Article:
Since February, CVS Caremark has been pushing its pharmacists to enroll customers in a prescription-drug rewards program. It gives customers the opportunity to earn up to $50 a year in store credits.
The benefit to CVS is persuading pharmacy customers to give up federal privacy safeguards for their medical information and permitting the company to share people's drug purchases with others.
"It's very troubling," said Paul Stephens, director of policy and advocacy for the Privacy Rights Clearinghouse. "Pharmaceutical companies obviously would want to know what you're taking and get you to buy more expensive medicines."
Walgreens and Rite-Aid have their own rewards programs, but officials at each company said they don't require customers to relinquish federal privacy protections.
CVS announced Feb. 4 that it was expanding its ExtraCare rewards program to include prescription drug purchases. The new program, ExtraCare Pharmacy & Health Rewards, allows customers to earn $5 worth of store credits for every 10 prescriptions filled, up to $50 a year.
The fine print on CVS' website says that "each person must sign a HIPAA Authorization to join" and that "you must re-sign the HIPAA Authorization once per year to retain active enrollment."
The Health Insurance Portability and Accountability Act is a federal law that requires insurers, hospitals, doctors and pharmacies to keep your medical information under wraps. Breaking the law can result in civil and criminal penalties.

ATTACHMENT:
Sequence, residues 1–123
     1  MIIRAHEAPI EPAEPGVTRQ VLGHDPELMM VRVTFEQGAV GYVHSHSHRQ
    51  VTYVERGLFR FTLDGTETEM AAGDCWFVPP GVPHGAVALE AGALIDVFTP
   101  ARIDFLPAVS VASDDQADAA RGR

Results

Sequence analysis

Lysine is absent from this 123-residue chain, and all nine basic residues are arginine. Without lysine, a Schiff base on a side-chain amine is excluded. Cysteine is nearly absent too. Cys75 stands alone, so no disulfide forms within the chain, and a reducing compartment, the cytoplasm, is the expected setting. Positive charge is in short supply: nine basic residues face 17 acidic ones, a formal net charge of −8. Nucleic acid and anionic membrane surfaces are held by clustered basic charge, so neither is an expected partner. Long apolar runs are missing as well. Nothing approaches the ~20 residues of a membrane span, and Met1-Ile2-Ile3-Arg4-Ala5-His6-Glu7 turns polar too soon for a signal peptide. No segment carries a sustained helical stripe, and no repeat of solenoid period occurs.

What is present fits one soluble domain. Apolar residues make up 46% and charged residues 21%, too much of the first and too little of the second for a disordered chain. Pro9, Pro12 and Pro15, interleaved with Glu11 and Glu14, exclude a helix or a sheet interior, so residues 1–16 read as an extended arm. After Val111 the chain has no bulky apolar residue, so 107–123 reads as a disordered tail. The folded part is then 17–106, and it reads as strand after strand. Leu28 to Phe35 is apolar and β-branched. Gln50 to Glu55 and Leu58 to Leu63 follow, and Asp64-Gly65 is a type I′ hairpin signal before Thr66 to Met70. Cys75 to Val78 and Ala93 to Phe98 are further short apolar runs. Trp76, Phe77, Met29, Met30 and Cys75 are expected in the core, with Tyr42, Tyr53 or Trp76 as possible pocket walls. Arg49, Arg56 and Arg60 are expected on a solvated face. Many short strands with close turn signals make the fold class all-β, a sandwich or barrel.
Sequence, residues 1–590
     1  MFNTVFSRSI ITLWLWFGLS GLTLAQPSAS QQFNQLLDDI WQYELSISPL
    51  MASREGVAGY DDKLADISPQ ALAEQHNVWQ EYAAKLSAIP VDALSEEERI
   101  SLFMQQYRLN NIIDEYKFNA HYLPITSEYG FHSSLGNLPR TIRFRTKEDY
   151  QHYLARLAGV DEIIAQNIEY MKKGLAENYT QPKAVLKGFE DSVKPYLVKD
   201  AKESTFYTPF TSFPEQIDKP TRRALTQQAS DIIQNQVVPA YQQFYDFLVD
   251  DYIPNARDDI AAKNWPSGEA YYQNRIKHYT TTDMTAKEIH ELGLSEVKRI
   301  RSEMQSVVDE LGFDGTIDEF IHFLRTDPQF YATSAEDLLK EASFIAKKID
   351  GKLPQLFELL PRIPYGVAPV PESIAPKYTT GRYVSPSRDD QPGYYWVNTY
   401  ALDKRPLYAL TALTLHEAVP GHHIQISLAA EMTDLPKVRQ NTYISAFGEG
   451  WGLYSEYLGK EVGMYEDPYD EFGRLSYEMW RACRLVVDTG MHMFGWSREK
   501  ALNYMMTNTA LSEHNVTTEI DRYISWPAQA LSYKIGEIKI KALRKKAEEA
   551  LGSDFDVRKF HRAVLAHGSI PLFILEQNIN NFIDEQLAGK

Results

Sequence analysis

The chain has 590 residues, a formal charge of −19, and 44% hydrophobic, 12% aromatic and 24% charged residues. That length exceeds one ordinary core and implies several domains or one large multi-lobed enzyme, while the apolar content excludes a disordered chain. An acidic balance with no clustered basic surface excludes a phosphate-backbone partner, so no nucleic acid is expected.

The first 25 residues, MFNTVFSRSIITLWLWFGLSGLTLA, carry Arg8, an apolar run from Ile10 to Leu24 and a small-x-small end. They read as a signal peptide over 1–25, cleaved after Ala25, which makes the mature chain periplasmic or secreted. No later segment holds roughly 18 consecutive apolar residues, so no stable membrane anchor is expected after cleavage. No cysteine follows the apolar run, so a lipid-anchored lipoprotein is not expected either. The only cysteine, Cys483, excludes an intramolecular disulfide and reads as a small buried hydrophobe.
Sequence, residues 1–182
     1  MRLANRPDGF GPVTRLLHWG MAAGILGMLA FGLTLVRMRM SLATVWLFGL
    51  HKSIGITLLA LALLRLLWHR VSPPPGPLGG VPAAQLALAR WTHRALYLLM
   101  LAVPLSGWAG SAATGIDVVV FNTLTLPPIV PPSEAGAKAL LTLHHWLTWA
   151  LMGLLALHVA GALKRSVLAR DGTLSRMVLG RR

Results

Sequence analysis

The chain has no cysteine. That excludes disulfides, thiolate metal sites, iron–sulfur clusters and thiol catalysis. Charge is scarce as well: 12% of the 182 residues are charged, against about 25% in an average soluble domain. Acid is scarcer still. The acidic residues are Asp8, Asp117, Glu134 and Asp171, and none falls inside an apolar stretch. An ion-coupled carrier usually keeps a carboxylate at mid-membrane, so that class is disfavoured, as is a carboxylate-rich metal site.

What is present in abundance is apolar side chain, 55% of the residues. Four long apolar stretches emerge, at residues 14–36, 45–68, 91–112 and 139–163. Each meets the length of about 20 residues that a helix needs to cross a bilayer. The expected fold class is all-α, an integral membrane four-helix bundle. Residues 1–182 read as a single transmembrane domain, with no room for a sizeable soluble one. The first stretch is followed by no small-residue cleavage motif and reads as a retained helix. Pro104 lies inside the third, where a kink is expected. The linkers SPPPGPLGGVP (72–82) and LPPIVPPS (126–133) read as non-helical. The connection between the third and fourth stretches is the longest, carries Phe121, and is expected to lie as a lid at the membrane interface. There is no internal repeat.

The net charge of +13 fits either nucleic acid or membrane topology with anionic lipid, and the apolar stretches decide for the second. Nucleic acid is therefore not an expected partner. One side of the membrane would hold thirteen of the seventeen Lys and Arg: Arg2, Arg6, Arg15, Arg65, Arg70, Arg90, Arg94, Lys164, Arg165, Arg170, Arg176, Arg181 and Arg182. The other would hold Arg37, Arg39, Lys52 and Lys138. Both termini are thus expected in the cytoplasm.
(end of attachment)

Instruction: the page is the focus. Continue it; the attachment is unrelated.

What CVS calls a "HIPAA Authorization" is not simply a matter of allowing the company "to record the prescription earnings" of ExtraCare members, as CVS indicates during the enrollment process.
That last step is where you encounter a screen saying you acknowledge that "my health information may potentially be re-disclosed and thus is no longer protected by the federal Privacy Rule."
The company assumes you are aware of what it means to no longer be protected by HIPAA. Nor has CVS disclosed with whom your previously confidential medical information may be shared and for what purposes.
"Without HIPAA, they could be shipping data to who knows where," said Andrew Hicks at Coalfire Systems, a consulting firm that helps clients comply with HIPAA regulations.
Mike DeAngelis, a CVS spokesman, declined to answer when asked whether CVS believes it is adequately disclosing what HIPAA is or what the potential ramifications could be for those who forgo their privacy rights.